Successor, Feasible Successor and Feasible Distance

Successor -A successor route is the best route to a destination network. EIGRP uses the successor route to forward traffic to a destination. This is the router which is stored in the routing table. A successor route is based on the advertised distance from the neighbor. A successor route is a least-cost route to the destination network. A feasible successor is the backup route for a successor route.

Feasible Distance – Feasible Distance is the lowest calculated metric to reach the destination network. It is the metric planned in the routing table entry as the second number inside the brackets. The Feasible Distance is also known as the metric for the route.

Now examine the topology that we have used in the previous article in figure 1 and routing table for R1 in Figure 2, you can see that EIGRP’s best path for the 192.168.2.0/24 network is through router R3, and the feasible distance for network 192.168.2.0/24 is 258816. This is the metric that was calculated in the previous lesson.10.10.10.2 is the IP address of Gig 0/1 interface of R3.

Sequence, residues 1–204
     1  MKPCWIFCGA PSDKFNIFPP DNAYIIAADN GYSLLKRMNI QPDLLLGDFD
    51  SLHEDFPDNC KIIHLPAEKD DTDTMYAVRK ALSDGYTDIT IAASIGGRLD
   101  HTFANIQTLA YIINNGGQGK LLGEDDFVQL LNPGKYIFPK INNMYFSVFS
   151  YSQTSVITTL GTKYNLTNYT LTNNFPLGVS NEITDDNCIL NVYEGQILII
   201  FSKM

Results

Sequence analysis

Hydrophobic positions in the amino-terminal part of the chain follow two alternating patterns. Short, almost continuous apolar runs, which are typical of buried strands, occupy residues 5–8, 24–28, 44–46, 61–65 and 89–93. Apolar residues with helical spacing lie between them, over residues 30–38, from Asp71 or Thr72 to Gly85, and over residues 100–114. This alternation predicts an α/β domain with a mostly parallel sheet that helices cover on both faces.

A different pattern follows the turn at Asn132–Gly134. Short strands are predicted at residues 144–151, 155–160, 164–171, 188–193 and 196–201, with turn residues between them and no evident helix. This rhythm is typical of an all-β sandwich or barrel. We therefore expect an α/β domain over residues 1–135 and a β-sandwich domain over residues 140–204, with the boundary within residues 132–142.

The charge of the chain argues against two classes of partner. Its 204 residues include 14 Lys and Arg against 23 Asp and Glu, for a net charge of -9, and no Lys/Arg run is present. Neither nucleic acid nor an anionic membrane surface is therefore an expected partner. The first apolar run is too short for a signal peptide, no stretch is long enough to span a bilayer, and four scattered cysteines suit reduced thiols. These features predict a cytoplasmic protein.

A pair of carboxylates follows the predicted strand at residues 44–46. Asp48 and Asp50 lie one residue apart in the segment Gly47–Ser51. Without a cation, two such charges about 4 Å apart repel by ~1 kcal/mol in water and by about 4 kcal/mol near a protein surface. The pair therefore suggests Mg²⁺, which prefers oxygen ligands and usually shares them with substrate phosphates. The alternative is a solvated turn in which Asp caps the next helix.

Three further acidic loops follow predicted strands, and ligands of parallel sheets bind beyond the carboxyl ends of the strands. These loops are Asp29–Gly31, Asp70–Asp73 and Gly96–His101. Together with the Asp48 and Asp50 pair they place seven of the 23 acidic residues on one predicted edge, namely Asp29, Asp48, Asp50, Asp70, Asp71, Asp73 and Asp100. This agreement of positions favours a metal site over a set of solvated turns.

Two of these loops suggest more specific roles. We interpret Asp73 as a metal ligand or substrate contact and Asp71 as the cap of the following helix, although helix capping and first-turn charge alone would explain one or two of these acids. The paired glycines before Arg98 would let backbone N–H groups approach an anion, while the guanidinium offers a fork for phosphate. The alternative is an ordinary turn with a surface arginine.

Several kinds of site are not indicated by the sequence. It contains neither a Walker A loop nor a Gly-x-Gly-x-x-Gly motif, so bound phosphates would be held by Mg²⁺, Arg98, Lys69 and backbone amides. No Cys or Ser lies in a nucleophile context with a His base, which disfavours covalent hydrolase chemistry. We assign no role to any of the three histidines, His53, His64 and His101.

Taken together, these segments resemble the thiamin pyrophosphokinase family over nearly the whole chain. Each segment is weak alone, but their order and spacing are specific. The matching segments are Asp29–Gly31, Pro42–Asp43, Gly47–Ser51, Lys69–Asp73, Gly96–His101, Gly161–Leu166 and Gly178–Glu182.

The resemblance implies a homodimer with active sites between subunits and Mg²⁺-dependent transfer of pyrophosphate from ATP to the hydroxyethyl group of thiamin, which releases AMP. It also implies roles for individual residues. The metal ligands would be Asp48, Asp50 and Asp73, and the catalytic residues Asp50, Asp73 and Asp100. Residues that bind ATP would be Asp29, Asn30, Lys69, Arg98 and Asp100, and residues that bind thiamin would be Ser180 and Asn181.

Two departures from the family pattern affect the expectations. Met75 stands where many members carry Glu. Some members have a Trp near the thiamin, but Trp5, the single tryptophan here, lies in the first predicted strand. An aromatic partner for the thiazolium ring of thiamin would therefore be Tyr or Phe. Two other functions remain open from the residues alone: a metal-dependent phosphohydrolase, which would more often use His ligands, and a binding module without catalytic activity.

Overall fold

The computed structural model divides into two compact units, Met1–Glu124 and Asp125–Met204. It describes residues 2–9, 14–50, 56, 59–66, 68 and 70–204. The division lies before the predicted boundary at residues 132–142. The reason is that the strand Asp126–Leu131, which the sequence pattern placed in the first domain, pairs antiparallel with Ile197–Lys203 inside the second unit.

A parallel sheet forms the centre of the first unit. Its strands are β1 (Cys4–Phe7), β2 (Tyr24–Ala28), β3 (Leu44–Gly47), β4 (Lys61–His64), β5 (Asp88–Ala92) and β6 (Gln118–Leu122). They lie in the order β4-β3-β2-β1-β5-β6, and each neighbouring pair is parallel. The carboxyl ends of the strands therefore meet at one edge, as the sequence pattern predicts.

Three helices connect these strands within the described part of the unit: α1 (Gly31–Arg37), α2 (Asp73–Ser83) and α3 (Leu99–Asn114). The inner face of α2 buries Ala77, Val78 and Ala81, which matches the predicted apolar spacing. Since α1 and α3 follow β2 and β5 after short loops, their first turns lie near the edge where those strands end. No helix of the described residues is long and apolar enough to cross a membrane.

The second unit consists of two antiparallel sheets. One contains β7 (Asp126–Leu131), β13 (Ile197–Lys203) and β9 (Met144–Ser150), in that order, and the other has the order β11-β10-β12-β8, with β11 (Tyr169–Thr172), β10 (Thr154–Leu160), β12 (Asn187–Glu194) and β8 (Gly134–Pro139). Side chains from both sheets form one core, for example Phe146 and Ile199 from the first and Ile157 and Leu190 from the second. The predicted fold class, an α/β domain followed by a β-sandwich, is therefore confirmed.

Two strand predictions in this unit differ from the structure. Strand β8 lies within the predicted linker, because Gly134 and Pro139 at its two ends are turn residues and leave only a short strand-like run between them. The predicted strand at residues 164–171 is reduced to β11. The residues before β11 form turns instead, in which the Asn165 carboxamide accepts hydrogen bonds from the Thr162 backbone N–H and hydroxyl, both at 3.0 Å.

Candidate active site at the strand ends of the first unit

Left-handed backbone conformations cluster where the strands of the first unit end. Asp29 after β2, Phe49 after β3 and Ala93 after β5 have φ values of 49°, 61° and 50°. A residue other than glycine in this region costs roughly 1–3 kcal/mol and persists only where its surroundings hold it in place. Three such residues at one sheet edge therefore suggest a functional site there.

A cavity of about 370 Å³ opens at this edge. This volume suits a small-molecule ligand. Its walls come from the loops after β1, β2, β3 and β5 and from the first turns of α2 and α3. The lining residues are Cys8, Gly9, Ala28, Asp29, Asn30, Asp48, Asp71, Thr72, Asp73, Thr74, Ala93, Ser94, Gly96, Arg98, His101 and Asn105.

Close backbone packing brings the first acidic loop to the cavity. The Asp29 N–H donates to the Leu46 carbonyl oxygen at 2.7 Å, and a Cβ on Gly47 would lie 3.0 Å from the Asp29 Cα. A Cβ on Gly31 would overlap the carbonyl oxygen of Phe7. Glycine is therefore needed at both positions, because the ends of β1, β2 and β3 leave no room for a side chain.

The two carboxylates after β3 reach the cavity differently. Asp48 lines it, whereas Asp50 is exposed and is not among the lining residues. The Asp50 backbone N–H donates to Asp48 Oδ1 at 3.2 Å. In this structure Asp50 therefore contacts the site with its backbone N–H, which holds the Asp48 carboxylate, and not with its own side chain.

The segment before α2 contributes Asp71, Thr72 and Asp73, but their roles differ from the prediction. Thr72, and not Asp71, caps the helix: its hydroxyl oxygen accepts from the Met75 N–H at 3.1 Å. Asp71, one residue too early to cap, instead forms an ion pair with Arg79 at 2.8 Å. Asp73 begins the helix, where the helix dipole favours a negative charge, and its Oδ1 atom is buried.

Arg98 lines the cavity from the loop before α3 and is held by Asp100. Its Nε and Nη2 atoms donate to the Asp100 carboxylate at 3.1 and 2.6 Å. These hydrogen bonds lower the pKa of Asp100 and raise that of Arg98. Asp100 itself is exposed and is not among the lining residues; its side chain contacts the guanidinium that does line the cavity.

Feasible Successor

Feasible Successor

 

Feasible Successors (FS), Feasibility Condition, and Reported Distance

Feasible Successor – The FS route is an alternative route to a particular network. It can be used instantly if the successor route fails for any reason. We can use the feasible successor route without causing a routing loop. For using the feasible successor the feasibility condition is required to match. The feasible successor route is stored in the EIGRP topology table.

Feasible Successor is the loop-free backup path to the same network as the successor, and it satisfies the Feasibility Condition. R2’s successor for the 192.168.2.0/24 network is R3, providing the path with the lowest metric to the destination network. You can see that R2 is providing an alternative path, but is it and Feasible Successor? For a Feasible Successor, R2 must first meet the Feasibility Condition.

The feasibility condition included when neighbor’s reported distance to a network is less than the local routers feasible distance to the same destination network. The reported distance is the metric that a router reports to a neighbor about its own cost to that network. If the condition met, it provides a loop-free path. If the FS is stored in the topology table, the DUAL converged quickly after a change in the topology, because the backup path has no need for recomputing.